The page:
Modern fashion is a global phenomenon that defines our social, cultural and aesthetic identities. But what’s often overlooked is the negative impact it has on our planet and its people. It is time to change this, as the world’s consumers and designers are calling for a reckoning with the industry’s damaging effects.
The fashion industry is the world’s second largest water consumer. It takes about 700 gallons of water to produce just one cotton shirt. This is enough to provide one person with eight cups of drinking water per day for three-and-a-half years. The fashion sector also produces a large amount of greenhouse gas emissions. In fact, according to a 2017 report by the Ellen MacArthur Foundation, it contributes 10% of all global greenhouse gas emissions—more than international flights and shipping combined.
Many of the fabrics that we use are made from synthetic fibres like polyester. These aren’t biodegradable and can end up in the ocean, where they cause a lot of harm to marine life. It is estimated that about 35% of microplastics in the ocean come from the laundering of polyester garments.
To meet the growing demand for new styles, many fashion companies have been relying on offshore manufacturing where labour is the cheapest. This has engendered a race to the bottom, with companies competing to find cheaper and faster ways to make their products. This has resulted in unsafe working conditions, a lack of basic rights for workers, and complex supply chains that are difficult to monitor.
In the wake of the COVID-19 pandemic, fashion leaders have been forced to reevaluate how they manufacture their collections. They are experimenting with more sustainable methods, including in-store recycling schemes. But this is only a fraction of the changes that need to be made. The industry needs to rethink how it allocates talent and promotes its executive roles—in addition to introducing more sustainability into its core operations.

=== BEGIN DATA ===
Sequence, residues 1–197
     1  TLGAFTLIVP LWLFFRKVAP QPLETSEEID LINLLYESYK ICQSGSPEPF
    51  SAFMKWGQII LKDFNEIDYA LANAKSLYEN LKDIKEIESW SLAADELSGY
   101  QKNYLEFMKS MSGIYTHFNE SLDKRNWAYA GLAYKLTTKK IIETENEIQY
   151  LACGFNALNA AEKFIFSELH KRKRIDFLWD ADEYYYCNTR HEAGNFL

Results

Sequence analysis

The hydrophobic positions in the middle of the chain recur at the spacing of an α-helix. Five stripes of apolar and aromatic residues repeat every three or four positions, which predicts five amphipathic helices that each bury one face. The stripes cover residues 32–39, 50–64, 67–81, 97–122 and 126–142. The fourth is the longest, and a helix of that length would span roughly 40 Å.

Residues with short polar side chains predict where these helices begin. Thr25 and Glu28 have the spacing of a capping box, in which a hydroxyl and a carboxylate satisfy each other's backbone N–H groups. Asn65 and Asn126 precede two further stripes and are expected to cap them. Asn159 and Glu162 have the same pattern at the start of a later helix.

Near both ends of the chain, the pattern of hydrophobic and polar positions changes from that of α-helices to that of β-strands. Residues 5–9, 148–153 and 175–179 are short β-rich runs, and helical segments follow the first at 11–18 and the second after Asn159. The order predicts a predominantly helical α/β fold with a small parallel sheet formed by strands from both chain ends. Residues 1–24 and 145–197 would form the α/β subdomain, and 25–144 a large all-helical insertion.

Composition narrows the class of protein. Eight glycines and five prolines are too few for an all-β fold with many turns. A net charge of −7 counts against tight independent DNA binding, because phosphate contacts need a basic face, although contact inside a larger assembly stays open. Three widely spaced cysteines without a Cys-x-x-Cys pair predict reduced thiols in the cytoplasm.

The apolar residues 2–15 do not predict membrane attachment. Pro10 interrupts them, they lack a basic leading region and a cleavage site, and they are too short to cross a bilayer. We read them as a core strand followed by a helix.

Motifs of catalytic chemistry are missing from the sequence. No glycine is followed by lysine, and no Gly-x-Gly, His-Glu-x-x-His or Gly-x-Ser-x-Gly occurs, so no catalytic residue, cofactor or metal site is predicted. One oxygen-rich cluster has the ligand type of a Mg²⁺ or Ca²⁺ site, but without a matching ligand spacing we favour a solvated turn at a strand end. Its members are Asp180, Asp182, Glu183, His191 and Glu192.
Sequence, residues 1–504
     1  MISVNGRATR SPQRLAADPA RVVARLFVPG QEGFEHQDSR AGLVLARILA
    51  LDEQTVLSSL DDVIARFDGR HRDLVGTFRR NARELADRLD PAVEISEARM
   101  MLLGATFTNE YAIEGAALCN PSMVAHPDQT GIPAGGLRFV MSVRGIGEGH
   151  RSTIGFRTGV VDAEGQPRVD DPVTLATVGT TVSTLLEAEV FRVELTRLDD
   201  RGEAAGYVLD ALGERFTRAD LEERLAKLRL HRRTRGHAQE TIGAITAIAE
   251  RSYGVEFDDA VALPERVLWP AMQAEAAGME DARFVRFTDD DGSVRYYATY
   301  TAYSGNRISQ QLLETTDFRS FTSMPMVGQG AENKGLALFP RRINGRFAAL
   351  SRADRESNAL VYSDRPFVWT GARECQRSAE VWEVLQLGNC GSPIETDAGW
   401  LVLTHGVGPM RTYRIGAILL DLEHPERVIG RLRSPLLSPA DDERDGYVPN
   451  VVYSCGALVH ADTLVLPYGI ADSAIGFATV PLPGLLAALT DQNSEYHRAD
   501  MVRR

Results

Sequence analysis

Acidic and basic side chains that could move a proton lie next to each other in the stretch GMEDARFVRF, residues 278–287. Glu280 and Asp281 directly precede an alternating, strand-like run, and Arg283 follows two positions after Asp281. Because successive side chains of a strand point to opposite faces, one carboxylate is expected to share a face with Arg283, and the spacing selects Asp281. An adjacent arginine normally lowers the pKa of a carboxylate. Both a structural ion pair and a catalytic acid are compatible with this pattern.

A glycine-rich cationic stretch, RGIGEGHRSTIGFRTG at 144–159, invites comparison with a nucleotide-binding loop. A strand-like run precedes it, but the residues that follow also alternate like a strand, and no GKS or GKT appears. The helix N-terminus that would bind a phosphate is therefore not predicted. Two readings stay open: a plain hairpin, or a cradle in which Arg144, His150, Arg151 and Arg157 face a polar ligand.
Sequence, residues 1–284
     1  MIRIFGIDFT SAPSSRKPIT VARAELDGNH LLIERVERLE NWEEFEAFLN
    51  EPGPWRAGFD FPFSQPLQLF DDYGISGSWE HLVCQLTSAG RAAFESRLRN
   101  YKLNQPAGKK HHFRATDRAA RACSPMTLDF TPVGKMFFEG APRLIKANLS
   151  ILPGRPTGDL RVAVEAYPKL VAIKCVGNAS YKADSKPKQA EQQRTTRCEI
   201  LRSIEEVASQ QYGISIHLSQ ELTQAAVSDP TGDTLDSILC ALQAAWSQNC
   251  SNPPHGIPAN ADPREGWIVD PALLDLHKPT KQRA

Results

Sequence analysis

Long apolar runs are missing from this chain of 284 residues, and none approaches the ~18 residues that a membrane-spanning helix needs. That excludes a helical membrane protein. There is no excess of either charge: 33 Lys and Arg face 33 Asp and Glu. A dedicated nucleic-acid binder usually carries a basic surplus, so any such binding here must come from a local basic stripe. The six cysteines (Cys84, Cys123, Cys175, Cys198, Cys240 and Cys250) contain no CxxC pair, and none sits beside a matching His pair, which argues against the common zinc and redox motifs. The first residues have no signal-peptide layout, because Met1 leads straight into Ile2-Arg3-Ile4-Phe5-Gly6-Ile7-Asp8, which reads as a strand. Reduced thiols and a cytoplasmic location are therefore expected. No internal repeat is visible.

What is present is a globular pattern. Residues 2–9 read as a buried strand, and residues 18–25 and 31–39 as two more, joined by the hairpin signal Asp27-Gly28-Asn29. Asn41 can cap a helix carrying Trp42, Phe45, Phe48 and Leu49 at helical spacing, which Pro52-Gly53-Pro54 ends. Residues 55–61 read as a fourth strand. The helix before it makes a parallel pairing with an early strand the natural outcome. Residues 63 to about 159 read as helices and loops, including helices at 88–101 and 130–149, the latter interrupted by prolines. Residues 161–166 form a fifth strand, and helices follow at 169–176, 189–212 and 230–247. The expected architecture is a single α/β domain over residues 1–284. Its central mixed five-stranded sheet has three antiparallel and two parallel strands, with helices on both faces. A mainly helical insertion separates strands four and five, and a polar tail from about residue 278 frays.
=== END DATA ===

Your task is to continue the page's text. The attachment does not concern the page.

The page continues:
While this may seem like a tall order, there are some positive signs. For example, the sustainable brand GU has found success with its eponymous collection of minimal, everyday staples. This line of clothing is popular with young women and students, as it is affordable and fashionable. Other brands, such as COS, are proving that minimalism isn’t boring with their unique designs and louder colors.
The recent media frenzy over skinny jeans causing compartment syndrome may have raised awareness of the health risks of tight clothing, but this is only a small part of a much wider issue. Throughout history, the culture of fashion has led to a range of harmful consequences for human beings—from foot binding to lifelong pain for beauty, and even, as in the case of the woman hospitalized for skinny jeans, medical complications that require surgery.